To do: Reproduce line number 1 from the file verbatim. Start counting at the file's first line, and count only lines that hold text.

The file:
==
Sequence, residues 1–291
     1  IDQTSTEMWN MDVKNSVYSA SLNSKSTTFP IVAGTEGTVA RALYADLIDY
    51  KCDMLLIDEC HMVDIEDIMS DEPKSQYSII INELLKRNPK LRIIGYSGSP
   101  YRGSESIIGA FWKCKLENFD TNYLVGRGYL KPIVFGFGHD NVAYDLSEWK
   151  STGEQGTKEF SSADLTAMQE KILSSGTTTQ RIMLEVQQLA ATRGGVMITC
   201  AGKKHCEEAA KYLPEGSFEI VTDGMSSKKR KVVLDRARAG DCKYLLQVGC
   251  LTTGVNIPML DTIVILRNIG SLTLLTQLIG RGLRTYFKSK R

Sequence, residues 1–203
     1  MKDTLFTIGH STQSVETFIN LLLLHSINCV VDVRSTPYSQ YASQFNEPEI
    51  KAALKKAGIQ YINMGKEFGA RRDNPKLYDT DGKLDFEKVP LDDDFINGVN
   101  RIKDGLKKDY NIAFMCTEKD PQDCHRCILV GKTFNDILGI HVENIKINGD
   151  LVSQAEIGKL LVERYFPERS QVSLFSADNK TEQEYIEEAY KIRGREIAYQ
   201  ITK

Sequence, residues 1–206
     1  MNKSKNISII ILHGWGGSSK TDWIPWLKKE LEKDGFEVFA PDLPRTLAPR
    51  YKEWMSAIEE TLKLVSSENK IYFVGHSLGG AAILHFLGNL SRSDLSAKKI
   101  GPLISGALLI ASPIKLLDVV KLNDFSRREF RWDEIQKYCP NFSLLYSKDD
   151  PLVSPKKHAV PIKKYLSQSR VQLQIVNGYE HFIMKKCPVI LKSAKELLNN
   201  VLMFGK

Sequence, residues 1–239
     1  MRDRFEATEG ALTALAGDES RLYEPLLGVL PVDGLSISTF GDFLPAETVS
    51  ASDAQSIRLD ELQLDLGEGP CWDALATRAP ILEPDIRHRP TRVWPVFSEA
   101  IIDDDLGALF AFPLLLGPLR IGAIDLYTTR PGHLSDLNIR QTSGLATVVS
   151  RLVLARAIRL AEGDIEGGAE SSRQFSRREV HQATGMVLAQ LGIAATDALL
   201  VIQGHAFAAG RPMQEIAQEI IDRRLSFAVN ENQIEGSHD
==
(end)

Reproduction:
Sequence, residues 1–291